7.11.2013

chrome ball interview #64: guy mariano


 chops and guy sit down for conversation. 



Alright Guy, so after all of this, do you personally feel that you’re skating the best you’ve ever skated or do you think that you are still, in a sense, “coming back”? Is there anything left that you still feel you have to prove to yourself? Is that Mouse part still a monkey on your back or do you feel you’ve escaped that shadow?

I don't know about skating the best I've ever skated but I'm putting in the most work and energy that I ever have into skating. I catch myself trying to still remain relevant and to inspire others but I have nothing to prove. 

Funny you ask that about Mouse, though. I tend to think that for a lot of people, that will always be my most memorable part. I'm not trying to top it but I'm honored and proud of that part and what it represented in that time of my life. 

Fully Flared represented your return to form after sinking into an abyss while Pretty Sweet basically chronicles you going absolutely fucking bonkers on your board. Which part means more to you and why? Both are triumphs but which one do you prefer? 

Pretty Sweet, simply for the fact that it was more challenging. With Fully Flared, I felt people would be more forgiving. They just wanted to see me skate again. With Pretty Sweet, I was in the company of a bigger, younger team. Also, moving onto a new project is always difficult to evolve from your last one. Not only to keep your audience inspired but to have yourself behind it and motivated as well.

Very true. Talk about that last trick, man. What was the process behind that monster? Was that something you’d been thinking about for a while? How long had you been trying that? I know it was super last minute, was this trick born out of having “enders” but no “ender-ender”?

I'd been trying a switch tre noseblunt for years. For some reason, I could always land on them but never ride away. I think we can say it was born having to have an ender-ender. I did feel some pressure, all positive though, but for me, I was going to be happy with the part whether I had it or not. It was cool because a lot of people in my tight circle thought it was going to be a noseblunt and were surprised on the nosegrind.


Granted your sober now but how would you compare your process in making Mouse, which in its own way was a “comeback part”, versus the way you made these last two parts in Fully Flared and Pretty Sweet? Were you just stacking clips for Mouse in the time allotted? Did you give any thought towards “part structure” or trick lists or anything like that back then... or even now?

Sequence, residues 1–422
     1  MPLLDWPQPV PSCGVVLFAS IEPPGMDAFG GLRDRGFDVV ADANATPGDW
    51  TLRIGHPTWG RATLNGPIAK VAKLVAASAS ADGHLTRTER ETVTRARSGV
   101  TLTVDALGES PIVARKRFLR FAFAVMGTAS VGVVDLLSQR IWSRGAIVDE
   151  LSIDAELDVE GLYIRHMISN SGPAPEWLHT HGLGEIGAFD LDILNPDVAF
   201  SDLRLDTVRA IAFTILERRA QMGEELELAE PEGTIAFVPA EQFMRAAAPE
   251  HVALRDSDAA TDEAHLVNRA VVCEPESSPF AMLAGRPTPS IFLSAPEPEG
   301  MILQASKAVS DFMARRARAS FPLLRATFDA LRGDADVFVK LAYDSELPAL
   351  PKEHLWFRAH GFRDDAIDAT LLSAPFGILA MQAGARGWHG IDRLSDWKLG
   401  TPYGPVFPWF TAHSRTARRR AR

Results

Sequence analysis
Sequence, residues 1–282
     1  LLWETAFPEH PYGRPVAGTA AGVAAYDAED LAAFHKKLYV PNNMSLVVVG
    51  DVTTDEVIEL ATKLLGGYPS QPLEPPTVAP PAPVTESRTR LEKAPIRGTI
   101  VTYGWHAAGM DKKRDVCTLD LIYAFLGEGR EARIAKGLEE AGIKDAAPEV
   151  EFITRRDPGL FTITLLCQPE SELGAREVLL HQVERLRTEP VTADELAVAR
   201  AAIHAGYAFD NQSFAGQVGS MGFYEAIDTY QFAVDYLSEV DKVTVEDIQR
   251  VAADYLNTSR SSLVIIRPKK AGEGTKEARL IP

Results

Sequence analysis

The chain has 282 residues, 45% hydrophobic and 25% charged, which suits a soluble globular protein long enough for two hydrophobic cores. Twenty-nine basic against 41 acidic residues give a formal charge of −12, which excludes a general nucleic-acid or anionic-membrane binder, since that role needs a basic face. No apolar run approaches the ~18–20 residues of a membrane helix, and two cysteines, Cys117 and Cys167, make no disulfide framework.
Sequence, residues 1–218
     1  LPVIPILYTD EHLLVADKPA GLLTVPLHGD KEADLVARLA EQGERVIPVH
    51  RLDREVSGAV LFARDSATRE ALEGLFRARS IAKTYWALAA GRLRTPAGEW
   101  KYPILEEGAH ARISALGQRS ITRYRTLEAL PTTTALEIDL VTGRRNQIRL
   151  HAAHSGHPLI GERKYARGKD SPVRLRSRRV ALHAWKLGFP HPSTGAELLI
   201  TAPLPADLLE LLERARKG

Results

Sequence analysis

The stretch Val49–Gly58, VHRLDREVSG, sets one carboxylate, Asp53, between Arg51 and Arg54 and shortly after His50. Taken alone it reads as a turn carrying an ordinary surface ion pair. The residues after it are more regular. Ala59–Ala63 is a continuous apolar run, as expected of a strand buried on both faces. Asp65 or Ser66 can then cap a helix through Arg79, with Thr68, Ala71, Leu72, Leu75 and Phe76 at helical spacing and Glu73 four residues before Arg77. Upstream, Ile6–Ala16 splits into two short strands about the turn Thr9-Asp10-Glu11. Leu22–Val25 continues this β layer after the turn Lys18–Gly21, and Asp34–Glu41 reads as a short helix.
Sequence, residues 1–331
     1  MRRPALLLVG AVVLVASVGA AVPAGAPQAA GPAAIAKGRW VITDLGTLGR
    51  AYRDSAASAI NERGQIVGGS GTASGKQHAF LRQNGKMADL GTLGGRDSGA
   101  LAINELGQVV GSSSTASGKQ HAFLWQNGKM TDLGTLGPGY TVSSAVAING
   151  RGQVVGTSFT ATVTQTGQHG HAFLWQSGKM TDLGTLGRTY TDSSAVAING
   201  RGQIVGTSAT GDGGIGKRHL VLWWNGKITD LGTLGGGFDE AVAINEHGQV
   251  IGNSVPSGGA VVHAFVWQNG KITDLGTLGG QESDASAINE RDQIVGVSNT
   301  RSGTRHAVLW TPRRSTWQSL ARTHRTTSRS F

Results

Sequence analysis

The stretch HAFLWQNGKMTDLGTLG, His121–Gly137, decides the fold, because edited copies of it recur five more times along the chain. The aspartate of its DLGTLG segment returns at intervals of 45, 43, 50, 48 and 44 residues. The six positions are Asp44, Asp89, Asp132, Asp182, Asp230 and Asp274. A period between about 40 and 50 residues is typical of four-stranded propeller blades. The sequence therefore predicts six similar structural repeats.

Mouse definitely came more natural for me. I was at a pretty progressive point in my career where things came a lot easier. Being that I hadn't been in the public's eye for a while before Mouse, I had a lot to offer. A lot of stuff to film.

During Fully Flared and Pretty Sweet, times had changed and a lot more content was in demand. And I was older. Part structure and trick lists were much more needed for my last two parts, given how much skateboarding has progressed since the Mouse days. 

Who’s idea was it to use “Watermelon Man” in Mouse anyway? I always heard you wanted to use a different joint for that one? And on a related note, how on earth did you end up using that Lissie cover of Kid Cudi for Pretty Sweet? An amazing song but hardly the most obvious choice.

The idea for "Watermelon Man" came from Gabriel Rodriguez and Eric Duncan but Aaron Meza was the one who made it work. I liked the Biggie song with that Herbie Hancock sample so we went with the original. 

The Lissie cover, I think, came from Cory Kennedy and Mike Carroll's girlfriend but Ty was the one who meshed it well. My music wasn't done until the last day of editing. I think they struggled with a few different songs and edits but when I heard and saw it, I thought it was perfect. 

Who has your favorite part in Pretty Sweet?
 
Sean Malto. 

Interesting choice. So I have to ask this... what do you feel about all the ruckus that was made about David Gonzales winning SOTY and not you? Everyone, myself included, was pretty pissed... though I will say I thought you handled it with class. But you had to be a little bummed, right? Not that you could’ve led on to that fact though...

I really feel that David deserved it… but, of course, I would've wanted SOTY. I was honored to have people say that I should've gotten the award but I didn't like that all the talk was taking away from David's accomplishment.